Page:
Turkey Ready to Normalise Relations With Armenia, Erdogan Says
© AFP 2021 / ADEM ALTANTurkish President Recep Tayyip Erdogan delivers a speech following an evaluation meeting at the Presidential Complex in Ankara on April 5, 2021. - Erdogan on April 5, 2021, accused dozens of retired admirals of eyeing a "political coup" by attacking his plans for a canal linking the Black Sea to the Mediterranean. Erdogan's fury was directed at a letter published by 104 former admirals over the weekend urging him to abide by the terms of the 1936 Montreux Convention.
ANKARA (Sputnik) - Turkey is ready to gradually develop relations with Armenia after hearing Yerevan's conciliatory statements, Turkish President Recep Tayyip Erdogan said on Sunday.
"I wish success to the new government of Armenia. Our region needs a constructive approach. Even if there are disagreements, neighborly relations should be developed on the basis of respect of territorial integrity and sovereignty. Therefore, we can gradually normalize the relations with Armenia, whose new government has stated its readiness to move in this direction," Erdogan told reporters, as quoted by Turkish broadcaster NTV.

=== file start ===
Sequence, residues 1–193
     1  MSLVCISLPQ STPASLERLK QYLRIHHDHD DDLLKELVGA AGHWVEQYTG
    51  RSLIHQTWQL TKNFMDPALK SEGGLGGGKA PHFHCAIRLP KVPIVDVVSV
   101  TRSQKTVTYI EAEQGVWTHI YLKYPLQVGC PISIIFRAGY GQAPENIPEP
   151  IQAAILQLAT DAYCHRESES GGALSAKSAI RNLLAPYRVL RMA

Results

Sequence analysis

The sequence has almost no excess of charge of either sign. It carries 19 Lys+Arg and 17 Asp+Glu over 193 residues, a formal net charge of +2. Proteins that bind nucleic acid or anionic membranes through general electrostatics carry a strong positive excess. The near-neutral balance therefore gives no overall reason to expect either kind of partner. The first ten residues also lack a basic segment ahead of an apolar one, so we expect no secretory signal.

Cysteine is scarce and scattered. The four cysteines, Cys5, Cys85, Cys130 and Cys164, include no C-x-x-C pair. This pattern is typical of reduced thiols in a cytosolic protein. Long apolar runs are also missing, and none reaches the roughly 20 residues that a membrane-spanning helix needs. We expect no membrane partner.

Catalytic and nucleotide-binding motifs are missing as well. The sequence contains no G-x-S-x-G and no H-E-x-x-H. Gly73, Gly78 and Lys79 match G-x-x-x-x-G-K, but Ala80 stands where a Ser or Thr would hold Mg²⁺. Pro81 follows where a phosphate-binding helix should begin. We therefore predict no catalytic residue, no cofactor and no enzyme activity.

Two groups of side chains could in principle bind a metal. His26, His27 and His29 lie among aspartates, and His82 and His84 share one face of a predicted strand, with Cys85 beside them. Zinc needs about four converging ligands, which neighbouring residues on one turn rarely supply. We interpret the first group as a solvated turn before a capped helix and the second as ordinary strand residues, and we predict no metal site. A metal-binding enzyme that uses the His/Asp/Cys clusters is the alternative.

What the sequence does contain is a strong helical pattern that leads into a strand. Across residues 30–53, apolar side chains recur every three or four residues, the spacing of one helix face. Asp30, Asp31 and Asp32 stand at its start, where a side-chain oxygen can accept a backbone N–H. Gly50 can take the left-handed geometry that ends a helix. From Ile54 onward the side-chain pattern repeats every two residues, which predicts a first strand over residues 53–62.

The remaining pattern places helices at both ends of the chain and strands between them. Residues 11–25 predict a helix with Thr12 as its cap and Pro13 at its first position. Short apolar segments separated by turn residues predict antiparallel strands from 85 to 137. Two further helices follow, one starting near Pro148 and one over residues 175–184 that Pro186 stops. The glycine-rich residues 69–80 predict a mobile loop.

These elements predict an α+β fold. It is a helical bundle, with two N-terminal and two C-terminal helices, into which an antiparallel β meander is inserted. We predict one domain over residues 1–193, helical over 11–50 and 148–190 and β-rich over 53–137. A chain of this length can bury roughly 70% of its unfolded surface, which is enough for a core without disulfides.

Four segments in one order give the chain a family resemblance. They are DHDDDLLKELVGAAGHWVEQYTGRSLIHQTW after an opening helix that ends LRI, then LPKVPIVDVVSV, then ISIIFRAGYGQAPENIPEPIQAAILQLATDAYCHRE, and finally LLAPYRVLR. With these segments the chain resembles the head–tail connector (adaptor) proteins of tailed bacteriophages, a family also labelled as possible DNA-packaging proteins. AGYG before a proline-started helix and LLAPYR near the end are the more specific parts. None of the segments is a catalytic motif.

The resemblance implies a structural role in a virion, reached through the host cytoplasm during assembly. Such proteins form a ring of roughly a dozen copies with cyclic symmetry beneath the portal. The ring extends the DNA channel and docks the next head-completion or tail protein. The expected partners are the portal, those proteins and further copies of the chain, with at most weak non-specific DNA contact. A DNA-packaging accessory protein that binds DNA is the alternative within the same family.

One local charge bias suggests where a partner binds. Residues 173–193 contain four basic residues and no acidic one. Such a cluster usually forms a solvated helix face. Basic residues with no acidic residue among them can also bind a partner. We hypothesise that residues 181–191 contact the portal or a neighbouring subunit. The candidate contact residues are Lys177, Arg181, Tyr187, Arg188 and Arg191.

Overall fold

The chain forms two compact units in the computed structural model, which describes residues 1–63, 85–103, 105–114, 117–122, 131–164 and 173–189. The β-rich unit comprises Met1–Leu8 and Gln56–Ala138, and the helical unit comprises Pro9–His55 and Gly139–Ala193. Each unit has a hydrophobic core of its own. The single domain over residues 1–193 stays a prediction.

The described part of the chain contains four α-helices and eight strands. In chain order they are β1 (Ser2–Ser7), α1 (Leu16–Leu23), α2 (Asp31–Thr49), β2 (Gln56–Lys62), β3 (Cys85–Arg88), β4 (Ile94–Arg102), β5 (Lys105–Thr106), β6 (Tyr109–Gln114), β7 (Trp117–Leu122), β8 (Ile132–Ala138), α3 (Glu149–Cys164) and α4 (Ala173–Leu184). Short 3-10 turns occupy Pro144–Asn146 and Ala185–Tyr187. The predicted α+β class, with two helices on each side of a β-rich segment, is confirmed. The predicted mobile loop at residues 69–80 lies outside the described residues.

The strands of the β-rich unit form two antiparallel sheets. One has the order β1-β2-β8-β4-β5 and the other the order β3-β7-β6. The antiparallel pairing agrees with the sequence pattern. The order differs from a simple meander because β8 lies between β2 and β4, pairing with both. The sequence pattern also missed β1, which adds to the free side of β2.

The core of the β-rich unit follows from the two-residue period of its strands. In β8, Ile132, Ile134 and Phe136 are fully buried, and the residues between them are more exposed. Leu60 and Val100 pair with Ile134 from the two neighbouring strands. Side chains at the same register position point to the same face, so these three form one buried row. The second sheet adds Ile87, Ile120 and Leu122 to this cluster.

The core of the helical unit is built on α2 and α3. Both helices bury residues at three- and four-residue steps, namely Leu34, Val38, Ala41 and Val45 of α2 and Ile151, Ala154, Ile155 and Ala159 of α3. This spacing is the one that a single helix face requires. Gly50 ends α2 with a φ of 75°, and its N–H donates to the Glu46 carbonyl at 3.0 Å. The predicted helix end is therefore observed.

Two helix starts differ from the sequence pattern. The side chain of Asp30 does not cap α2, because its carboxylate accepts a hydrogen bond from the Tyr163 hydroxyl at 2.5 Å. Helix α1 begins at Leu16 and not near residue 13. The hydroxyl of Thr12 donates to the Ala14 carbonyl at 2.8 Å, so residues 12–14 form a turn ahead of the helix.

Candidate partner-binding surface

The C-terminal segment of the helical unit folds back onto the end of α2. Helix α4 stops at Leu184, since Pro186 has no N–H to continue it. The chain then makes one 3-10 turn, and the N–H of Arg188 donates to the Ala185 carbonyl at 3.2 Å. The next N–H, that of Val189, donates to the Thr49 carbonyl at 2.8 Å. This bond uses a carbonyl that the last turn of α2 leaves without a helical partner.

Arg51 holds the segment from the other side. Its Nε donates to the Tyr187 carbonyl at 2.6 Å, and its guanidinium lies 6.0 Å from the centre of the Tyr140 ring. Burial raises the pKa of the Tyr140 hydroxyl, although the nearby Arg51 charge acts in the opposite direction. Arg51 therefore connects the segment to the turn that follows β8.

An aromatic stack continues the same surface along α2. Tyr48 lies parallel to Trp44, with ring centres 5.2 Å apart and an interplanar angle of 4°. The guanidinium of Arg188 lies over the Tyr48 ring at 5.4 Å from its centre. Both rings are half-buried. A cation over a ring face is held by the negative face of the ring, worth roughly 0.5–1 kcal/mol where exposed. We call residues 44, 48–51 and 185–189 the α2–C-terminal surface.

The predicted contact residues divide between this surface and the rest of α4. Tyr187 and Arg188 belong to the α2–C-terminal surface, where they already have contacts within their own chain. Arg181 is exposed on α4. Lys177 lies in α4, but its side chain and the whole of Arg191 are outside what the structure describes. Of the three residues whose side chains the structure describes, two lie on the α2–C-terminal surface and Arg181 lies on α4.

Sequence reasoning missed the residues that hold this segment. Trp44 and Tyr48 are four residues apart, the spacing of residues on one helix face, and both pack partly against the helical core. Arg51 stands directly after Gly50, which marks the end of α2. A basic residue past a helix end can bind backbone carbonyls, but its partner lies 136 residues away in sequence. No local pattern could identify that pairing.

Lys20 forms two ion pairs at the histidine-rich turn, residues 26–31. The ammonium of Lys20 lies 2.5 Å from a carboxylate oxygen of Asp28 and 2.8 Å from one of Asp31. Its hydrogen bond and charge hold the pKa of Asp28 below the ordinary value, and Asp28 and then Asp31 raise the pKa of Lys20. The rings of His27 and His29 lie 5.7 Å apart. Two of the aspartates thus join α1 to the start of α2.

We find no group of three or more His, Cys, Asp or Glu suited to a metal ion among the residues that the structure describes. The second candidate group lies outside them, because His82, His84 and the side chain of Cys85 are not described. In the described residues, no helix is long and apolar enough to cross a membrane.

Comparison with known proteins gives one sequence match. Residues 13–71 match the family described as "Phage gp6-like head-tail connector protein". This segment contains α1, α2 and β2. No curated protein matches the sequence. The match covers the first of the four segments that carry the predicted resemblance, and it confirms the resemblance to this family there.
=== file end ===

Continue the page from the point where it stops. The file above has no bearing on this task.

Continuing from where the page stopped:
Lasting peace is a prerequisite of regional economic development and cooperation, the Turkish president said, adding that allied Azerbaijan agrees and, therefore, has proposed to start comprehensive peace negotiations with Armenia.
"We are ready to work with all sides who want to use this historical opportunity. The agenda has our proposal to create a 'Platform of Five' or a 'Platform of Six' involving Turkey, Azerbaijan, Russia, Iran, and Armenia. We proposed to include Georgia, too. If such a platform is set up, the region will become more peaceful," Erdogan said.
An ultimate benefit of the regional rapprochement will be the overhaul of transport networks, including railroads, he said. Erdogan said he has already "discussed and reached an agreement" on these issues with Russian President Vladimir Putin and Azerbaijani President Ilham Aliyev and plans to discuss them with Iran's new president, Ebrahim Raisi.
On Friday, Armenian Prime Minister Nikol Pashinyan said he saw "positive signals" from Turkey in the context of regional peace.
Relations between Turkey and Armenia have been strained over the 1915 killing of more than 1.5 million Armenians by the Ottoman authorities. The events are recognized as a genocide by the governments and parliaments of over 30 countries, most recently the United States. Turkey has recognized that the massacre took place but refused to call it a genocide.
The strife escalated last fall after Turkey extended its support to Azerbaijan during the armed hostilities in the Armenian-populated Nagorno-Karabakh. A ceasefire declaration was brokered by Russia in November 2020 and Russian peacekeepers were deployed to the region to monitor the truce.